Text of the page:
Should I Get A Job Just To Make Ends Meet?

Azriela Jaffe

The good news, when you work full-time with your spouse, is that all of the profits of your endeavor go into only one bank account - yours. All of your energy and success leads directly to your own prosperity, instead of that of an employer. Alongside the upside is the downside risk. You've heard the expression, "all of your eggs in one basket." Well, if the business isn't working well, those eggs can become scrambled, and the financial anxiety you bring to your family is enormous.

Many entrepreneurs elect to have one of the adults in the household working a steady job with benefits, to minimize this risk. This woman who wrote to me for help is feeling the pressure of a new business, and unpaid bills:

"My husband and I have started a new business and we have bill collectors at the door. He is working a day job and working in our business evenings and weekends. We also have income from rental property. I am only working on our business, and I am thinking about getting a job. I want this business to grow, but I'm so anxious, and I think that if I work too, we can get the bills behinds us. I just need a word of wisdom."

Hundreds of thousands of entrepreneurs face this moment every day. Do I keep plugging away full-time at this business, or do I get a job, and moonlight at the business until it is more profitable? If you had a crystal ball, what you'd want to know is, "If I just keep working harder and longer at this business, will the profits be able to sustain us?" If you knew the answer to that question was "YES!", then you would postpone your return to the job market and put your energies into the business. But if the answer to that question turns out to be "NO!", then you are getting deeper into debt the longer you focus entirely on the business.

Because you describe this as a couple-owned business, whatever decision you make needs to be made with your husband. Here are several questions for the two of you to ponder.

1. Is there evidence from our customers and our marketing efforts that there is a market for our services, and that in time, we could develop this service into a full-time, profitable business?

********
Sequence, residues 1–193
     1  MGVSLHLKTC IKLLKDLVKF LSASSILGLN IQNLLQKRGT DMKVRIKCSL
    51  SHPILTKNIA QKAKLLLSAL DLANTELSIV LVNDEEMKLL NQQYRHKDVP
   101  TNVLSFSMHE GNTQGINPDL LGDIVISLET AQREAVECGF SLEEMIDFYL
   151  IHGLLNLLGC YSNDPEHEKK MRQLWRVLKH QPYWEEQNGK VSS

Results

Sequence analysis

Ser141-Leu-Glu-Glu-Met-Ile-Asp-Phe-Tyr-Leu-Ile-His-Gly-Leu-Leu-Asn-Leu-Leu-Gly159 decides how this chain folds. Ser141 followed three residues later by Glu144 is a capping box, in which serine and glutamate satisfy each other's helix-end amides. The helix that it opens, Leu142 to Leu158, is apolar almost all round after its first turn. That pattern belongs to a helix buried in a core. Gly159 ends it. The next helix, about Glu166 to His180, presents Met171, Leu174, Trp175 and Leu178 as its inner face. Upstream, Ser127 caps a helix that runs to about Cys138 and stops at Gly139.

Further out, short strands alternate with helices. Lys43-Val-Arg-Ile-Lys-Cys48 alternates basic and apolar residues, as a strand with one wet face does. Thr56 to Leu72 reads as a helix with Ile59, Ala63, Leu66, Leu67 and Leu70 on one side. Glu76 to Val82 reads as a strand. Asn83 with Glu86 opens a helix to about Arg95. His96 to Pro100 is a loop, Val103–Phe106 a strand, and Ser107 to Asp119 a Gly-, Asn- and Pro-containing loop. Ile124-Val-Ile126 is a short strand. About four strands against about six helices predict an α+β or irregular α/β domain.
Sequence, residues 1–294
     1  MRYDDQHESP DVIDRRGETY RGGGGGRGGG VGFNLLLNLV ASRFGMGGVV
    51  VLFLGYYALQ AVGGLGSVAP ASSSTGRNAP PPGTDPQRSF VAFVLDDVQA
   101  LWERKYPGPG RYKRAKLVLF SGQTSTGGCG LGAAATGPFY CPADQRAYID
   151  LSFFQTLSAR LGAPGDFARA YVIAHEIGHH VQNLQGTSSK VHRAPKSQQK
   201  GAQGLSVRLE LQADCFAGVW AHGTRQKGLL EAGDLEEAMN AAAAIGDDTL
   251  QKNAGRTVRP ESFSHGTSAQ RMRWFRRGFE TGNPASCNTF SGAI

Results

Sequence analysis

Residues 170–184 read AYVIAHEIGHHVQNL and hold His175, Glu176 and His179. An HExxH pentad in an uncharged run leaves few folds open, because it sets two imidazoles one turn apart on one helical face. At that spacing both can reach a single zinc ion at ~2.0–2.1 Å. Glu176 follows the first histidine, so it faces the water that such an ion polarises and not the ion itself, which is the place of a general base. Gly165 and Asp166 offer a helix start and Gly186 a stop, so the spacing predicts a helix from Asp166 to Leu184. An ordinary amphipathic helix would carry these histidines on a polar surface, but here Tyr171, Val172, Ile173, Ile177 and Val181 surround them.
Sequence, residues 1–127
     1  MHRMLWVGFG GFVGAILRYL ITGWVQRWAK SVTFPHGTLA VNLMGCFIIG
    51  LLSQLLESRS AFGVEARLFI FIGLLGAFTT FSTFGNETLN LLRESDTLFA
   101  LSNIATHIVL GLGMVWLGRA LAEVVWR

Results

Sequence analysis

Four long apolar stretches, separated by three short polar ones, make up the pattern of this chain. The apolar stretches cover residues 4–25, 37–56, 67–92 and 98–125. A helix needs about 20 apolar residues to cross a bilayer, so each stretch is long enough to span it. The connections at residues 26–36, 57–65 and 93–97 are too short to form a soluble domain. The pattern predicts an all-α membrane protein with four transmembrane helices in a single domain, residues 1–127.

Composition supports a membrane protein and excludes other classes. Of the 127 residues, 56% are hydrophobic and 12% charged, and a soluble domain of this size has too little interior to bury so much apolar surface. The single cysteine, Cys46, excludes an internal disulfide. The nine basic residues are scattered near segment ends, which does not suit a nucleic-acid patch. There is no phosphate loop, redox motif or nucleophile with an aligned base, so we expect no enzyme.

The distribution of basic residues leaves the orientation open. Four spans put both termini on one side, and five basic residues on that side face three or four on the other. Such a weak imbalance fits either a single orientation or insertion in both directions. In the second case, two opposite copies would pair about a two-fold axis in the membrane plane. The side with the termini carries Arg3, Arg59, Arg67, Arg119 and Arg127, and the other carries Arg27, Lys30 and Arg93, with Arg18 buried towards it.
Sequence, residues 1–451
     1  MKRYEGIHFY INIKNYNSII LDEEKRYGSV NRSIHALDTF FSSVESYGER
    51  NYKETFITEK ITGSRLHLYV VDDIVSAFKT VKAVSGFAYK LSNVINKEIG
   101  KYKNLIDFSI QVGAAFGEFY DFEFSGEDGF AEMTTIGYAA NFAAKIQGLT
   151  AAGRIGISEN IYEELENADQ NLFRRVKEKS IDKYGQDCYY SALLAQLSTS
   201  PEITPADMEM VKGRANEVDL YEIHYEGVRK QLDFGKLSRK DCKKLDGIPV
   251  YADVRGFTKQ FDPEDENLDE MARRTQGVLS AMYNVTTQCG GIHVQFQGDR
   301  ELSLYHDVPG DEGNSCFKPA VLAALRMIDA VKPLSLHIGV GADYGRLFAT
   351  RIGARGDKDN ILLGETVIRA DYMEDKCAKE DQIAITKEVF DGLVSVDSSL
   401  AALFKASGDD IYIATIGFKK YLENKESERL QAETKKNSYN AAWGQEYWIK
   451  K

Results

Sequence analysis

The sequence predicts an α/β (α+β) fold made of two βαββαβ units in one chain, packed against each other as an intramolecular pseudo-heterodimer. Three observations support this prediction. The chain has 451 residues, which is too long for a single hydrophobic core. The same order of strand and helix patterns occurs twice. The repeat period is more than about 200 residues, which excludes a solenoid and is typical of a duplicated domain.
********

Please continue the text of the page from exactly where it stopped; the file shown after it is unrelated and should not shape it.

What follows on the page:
2. What are the negative consequences to us of not being able to pay the bills? Is our credit rating being destroyed? How will that impact us personally and professionally? How much anxiety is this situation creating for us? Are we fighting more, sleeping less, and enjoying our life and our business less because we are so worried about money?

3. Is there any way to reduce our expenses, rather than requiring both of us to get jobs? Or, is it possible for me, (the wife) to get a part-time job, rather than a full-time one, so that I can continue to put more hours into the business?

4. Is there any kind of job I could get that would actually be synergistic with the business, and help it grow, by developing my skills or professional network?

5. Is this a case of us paying off some long-term debt, or are we continually living above our means, so that bill collectors will likely still be at our door, even if we are both working full-time? Are we capable of managing our money responsibly, or do we need help from a credit counseling service, accountant, or some other professional to assist us?

6. How badly do we want this business to work? Enough to really suffer for it? Is it likely that the business will falter, or not grow, if we both work at it only weekends and evenings? Or, do we both have the physical stamina and commitment to keep working long hours at the business, even if it means less sleep and leisure time?

7. Forget what everyone else is telling us. What does our gut tell is us the right thing to do, for our physical and emotional well-being, to protect our marriage, and to achieve the goals that we want for our family?

And here is one last question for you to consider. Is fear of financial disaster acting as a motivator for you, prompting you to work even harder at the business, and propelling your business forward, or, is it stopping you from working at your best?

It may be, ironically, that you'll be more successful with your business when you are not depending on it for your livelihood. Released of the terror you feel when the bill collectors come calling, you might be freer to devote your energies in a productive way to your business. Your business success is correlated to not only the quantity of hours worked, but also their quality. If you are a nervous wreck much of the day, you can devote full-time hours to the business, but not get very far, because your fears are ruining your ability to be effective. On the other hand, for some people, there is nothing like the bill collector at the door to get you to make a sales call you are scared to make. Which one is true for you?

Whatever decision you make, it does not have to be a permanent one. You and your husband can revisit this question on a regular basis, choosing what appears to be the wisest path at the time.

Good luck to you. I wish you strength, courage, and all the contacts you need to make your working life work for you. Don't give up!

Azriela Jaffe is the founder of "Anchored Dreams" (www.isquare.cim/crlink), and author of several books including Honey,I Want to Start my Own Business, A Planning Guide for Couples ( Harper Business 1996), and Let's Go Into Business Together, Eight Secrets for Successful Business Partnering (Avon Books 1998) and Starting from No, Ten Strategies to Overcome Your Fear of Rejection and Succeed in Business (Dearborn, April 1999), and The Complete Idiot's Guide to Beating Debt (MacMillan, 2000) ( For free online newsletter for entrepreneurial couples, best ideas in business, or marketing on the web, or for information about her syndicated column, "Advice from A-Z", email

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